L'architecture Sauvage Asger Jorn's Critique & Concept of Architecture
Asger Jorn's Critique & Concept of Architecture (2014)
The Danish artist Asger Jorn (1914-1973) is internationally renowned for his activities within the CoBrA & the International Situationist groups. Quite apart from his paintings, prints, ceramics & sculptures, Jorn produced a remarkable amount of theoretical work. His ideas are still extremely relevant to contemporary discourse. However, in contrast to his artistic oeuvre, Jorn's theoretical arguments have received much less attention from scholars of architecture, art history, or philosophy.
This book for the first time reveals this largely ignored aspect of Jorn's work. Among the topics presented is Jorn's intellectual relationship with Le Corbusier, which triggered his interest in the 'synthesis of the arts' as expressed in the 1930s & 1940s in Paris. His initial passionate admiration for the master architect gradually evolved into a strong critique of Le Corbusier's concept of the 'house as a machine for living' which he confronted with the idea of a 'house as a machine for expression'.
This change in thought was prompted, on the one hand, by his Marxist convictions and, on the other, by his exposure to the arguments of the Swedish architectural historian Erik Lundberg. It led to Jorn's investigation of non-classical artistic forms, the object 'as found' & the social aesthetic found in everyday life.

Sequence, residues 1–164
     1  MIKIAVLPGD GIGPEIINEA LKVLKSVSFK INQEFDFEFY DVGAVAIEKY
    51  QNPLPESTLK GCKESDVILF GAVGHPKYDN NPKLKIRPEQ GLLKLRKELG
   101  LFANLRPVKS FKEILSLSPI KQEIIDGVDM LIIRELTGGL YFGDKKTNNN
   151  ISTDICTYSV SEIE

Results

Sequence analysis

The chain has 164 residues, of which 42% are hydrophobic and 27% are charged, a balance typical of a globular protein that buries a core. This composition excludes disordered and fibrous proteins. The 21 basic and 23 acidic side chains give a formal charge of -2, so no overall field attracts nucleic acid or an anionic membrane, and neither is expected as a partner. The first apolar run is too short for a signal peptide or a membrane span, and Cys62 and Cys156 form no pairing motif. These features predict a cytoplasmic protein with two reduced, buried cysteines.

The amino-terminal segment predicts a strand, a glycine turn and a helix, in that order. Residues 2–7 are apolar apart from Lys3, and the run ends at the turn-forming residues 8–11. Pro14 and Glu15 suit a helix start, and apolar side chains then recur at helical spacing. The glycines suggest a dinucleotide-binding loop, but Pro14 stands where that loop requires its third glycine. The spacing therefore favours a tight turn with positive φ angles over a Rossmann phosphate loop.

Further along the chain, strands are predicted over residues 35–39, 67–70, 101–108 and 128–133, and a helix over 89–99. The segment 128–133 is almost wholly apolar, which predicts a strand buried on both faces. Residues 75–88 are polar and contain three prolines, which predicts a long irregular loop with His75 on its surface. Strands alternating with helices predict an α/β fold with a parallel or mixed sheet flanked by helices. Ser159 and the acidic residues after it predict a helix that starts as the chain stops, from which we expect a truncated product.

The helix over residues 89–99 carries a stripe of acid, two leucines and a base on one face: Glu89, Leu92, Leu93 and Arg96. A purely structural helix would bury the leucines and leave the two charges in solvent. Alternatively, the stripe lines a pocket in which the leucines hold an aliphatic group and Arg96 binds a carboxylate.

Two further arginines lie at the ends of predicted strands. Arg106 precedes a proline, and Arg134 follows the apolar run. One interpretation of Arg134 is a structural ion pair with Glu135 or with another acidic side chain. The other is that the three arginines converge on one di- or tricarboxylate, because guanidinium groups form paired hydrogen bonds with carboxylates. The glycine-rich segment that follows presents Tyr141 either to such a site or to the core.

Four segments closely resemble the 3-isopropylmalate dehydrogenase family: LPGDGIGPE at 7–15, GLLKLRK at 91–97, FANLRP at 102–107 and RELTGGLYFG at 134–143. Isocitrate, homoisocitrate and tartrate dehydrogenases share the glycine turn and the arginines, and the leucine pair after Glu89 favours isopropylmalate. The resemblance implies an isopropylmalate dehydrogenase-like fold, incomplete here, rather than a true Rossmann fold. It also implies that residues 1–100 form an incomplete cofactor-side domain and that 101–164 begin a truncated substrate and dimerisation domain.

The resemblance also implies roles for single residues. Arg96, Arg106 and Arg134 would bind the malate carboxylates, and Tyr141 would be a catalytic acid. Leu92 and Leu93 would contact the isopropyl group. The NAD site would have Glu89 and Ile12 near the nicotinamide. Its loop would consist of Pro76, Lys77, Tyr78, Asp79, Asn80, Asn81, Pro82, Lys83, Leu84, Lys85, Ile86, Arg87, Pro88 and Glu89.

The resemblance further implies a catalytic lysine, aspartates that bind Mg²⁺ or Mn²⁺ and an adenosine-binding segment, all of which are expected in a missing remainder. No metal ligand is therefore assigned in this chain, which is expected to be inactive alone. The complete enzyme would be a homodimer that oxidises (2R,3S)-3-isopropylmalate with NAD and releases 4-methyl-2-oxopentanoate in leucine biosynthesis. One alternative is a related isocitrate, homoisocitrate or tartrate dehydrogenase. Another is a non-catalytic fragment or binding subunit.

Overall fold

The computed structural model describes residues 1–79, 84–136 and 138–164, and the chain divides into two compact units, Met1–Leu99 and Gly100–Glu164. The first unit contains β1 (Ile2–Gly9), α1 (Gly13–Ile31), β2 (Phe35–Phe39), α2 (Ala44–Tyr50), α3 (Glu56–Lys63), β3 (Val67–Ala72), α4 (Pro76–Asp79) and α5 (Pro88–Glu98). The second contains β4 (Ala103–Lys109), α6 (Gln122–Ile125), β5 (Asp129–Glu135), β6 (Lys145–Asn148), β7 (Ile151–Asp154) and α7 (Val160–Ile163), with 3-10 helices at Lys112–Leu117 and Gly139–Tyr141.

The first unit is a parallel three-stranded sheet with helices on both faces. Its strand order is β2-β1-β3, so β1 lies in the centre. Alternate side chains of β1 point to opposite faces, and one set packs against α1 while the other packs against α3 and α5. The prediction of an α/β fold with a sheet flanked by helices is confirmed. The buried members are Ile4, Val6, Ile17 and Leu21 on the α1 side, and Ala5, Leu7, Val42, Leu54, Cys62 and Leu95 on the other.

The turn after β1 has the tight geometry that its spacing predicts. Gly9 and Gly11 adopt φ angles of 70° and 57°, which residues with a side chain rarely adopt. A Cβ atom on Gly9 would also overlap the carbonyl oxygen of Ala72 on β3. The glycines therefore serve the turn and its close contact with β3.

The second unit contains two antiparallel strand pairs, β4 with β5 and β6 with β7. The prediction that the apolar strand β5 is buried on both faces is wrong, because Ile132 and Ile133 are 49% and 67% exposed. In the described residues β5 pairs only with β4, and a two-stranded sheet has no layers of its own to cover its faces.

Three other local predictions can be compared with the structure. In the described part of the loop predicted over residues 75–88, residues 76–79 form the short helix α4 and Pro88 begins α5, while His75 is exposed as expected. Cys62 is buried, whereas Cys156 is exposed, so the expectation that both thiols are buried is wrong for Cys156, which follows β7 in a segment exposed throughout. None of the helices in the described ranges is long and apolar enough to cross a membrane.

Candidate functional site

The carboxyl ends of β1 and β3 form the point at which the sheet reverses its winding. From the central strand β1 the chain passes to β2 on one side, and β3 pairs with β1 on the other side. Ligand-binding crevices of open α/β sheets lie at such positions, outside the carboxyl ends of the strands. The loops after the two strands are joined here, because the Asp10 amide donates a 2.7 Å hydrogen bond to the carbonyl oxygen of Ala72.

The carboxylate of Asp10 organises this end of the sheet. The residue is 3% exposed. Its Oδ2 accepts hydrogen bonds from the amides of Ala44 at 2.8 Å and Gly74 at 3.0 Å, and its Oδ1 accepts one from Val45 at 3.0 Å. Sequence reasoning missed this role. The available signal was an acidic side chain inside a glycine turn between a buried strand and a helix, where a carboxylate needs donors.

Jorn was to eventually introduce these topics into the debates being held within groups like Cobra, Imaginist Bauhaus & the Situationist International. Jorn's opinions & motivations are subsequently contextualized within the theoretical debate of his time & are linked in the book to examples of built architecture, which influenced & informed his conception of architecture & urbanism.
His position regarding the relationship between architecture & art encompasses a harsh critique of modern architecture. By developing the concept of an 'Architecture Sauvage', a notion that has been coined by Guy Debord many years later...